Neyer went on to present a tired caricature--the equivalent of labeling bloggers as losers in their mothers' basement--of baseball writers as having a "sick, 20th century obsession with wins and losses and ERA."
I think you readers would agree that no Philly sportswriter has argued this year that wins and ERA represent what has been wrong with Hamels. Salisbury cited wins and ERA, but only as a small part of a nuanced argument. So let's cast aside petty stereotypes--isn't it so, like, 2004 to say that newspaper writers don't care about statistical analysis?--and look at the facts. Here is a partial list of what was wrong with Hamels in 2009:
--He had a sore elbow in March, April and May. I know that because he told me later in the summer.
--He did not begin training until later than usual, because he took on too many post-World Series commitments.
--Even on days when his pitches were working, he responded poorly to adverse circumstances, and allowed bad innings to snowball. He admits this, and his manager, GM and coach agree. It is also obvious from watching his body language.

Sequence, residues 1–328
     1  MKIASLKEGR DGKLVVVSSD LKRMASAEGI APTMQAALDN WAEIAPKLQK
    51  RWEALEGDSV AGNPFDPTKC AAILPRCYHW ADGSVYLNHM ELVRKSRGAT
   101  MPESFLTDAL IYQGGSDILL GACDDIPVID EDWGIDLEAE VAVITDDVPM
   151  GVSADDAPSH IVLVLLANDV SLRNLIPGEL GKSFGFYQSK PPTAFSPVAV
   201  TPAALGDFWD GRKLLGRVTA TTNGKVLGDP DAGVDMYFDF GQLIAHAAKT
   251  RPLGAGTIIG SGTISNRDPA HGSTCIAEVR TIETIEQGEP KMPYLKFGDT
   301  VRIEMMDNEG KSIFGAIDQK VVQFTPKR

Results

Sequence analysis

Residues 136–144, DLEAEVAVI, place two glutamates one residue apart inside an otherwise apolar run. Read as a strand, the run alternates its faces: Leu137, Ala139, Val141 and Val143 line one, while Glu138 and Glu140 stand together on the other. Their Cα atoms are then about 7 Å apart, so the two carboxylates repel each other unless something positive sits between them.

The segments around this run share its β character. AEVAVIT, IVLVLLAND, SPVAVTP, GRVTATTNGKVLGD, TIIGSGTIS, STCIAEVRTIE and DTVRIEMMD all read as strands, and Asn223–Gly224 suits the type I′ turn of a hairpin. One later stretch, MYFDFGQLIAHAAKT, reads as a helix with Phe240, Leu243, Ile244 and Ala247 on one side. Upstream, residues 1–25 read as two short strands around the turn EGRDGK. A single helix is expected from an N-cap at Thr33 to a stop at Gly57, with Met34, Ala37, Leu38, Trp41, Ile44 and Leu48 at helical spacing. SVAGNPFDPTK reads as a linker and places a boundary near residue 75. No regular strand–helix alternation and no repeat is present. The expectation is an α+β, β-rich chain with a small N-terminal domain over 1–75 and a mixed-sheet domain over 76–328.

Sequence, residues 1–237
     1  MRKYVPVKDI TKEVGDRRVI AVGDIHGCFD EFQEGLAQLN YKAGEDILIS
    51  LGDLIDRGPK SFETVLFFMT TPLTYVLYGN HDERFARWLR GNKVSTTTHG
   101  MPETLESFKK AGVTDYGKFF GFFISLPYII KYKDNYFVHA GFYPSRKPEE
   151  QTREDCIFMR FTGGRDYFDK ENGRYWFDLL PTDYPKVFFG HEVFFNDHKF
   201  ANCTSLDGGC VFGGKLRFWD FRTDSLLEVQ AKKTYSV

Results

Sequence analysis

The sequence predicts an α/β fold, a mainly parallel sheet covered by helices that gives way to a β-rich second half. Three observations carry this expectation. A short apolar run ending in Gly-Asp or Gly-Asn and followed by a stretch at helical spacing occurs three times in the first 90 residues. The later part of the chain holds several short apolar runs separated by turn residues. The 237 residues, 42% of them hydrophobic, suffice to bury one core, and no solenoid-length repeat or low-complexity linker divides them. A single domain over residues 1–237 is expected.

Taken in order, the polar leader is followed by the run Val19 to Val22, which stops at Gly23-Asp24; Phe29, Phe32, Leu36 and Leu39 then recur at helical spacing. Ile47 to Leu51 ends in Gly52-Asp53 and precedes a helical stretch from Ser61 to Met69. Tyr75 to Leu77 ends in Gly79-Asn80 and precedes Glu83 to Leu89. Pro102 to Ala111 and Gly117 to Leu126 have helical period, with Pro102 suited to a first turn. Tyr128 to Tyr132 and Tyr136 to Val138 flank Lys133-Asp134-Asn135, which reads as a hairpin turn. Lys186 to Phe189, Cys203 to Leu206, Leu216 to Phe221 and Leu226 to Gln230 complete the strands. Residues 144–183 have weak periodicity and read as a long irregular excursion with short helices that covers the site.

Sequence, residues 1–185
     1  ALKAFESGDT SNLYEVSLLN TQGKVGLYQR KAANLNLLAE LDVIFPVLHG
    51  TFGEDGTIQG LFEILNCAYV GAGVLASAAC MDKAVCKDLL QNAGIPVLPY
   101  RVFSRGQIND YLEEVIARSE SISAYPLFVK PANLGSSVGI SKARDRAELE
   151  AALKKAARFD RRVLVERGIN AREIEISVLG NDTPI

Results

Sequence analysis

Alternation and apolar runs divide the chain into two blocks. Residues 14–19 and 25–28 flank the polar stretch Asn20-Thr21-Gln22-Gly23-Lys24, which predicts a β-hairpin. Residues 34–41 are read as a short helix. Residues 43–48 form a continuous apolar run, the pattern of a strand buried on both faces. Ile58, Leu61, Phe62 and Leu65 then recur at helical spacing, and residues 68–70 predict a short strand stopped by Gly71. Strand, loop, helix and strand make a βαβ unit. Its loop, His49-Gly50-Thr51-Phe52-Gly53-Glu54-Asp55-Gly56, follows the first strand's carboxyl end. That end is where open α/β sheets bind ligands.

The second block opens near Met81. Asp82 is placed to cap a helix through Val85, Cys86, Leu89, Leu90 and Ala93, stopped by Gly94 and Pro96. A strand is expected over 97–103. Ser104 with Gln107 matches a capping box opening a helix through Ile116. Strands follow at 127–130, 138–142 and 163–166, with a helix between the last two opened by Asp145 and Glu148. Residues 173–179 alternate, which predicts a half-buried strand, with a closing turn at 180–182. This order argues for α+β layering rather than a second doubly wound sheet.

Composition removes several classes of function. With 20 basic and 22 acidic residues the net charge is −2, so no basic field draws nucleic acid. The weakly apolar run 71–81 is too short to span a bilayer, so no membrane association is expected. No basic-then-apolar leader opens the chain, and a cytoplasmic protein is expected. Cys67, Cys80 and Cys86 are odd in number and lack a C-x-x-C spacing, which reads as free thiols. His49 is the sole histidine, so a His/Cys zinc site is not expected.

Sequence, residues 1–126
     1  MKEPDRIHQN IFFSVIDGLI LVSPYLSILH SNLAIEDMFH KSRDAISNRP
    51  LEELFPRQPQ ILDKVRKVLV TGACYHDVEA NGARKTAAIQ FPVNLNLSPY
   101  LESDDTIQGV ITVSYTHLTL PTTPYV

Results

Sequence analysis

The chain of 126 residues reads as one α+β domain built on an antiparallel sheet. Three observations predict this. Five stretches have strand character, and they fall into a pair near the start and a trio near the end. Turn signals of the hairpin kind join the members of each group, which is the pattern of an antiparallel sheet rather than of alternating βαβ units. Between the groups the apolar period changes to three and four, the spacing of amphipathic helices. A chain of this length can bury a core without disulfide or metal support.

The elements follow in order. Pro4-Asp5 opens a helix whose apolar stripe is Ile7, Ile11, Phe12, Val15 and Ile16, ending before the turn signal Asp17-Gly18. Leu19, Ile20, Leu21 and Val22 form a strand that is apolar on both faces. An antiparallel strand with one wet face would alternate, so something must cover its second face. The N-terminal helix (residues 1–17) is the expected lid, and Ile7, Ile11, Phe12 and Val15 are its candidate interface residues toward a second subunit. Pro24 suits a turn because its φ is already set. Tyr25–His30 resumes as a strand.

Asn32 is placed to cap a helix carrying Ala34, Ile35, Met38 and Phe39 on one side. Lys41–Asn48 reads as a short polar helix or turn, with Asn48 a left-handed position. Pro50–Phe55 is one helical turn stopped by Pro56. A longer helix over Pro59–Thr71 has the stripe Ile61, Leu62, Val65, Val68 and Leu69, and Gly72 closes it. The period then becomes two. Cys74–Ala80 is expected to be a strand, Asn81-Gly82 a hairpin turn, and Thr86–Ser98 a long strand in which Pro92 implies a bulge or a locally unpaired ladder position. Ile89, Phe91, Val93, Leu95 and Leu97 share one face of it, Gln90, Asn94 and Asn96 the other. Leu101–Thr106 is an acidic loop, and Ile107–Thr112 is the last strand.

--Though his velocity was as good as last year, he has to overthrow to get his fastball in the low-90s. That sometimes resulted in poor location and home runs allowed.
--The lack of a quality third pitch allowed hitters to guess what was coming. Take A-Rod last night: Hamels started him off with a change-up for strike one, so the hitter figured he would see a fastball within the next few pitches. When one arrived on the next pitch, A-Rod was ready, and clocked it into the Jeffrey Maier camera.
It is factually incorrect to say that nothing was wrong with Hamels this year; at the very least, his elbow hurt. I'm not writing this to rip the pitcher, or pile on after a bad night--I actually admire his self-awareness and find his struggle for maturity fascinating and his honesty refreshing. I just felt a responsibility to correct the record on a point important to the Phillies, and hopefully to restore a more reasonable tone to the debate.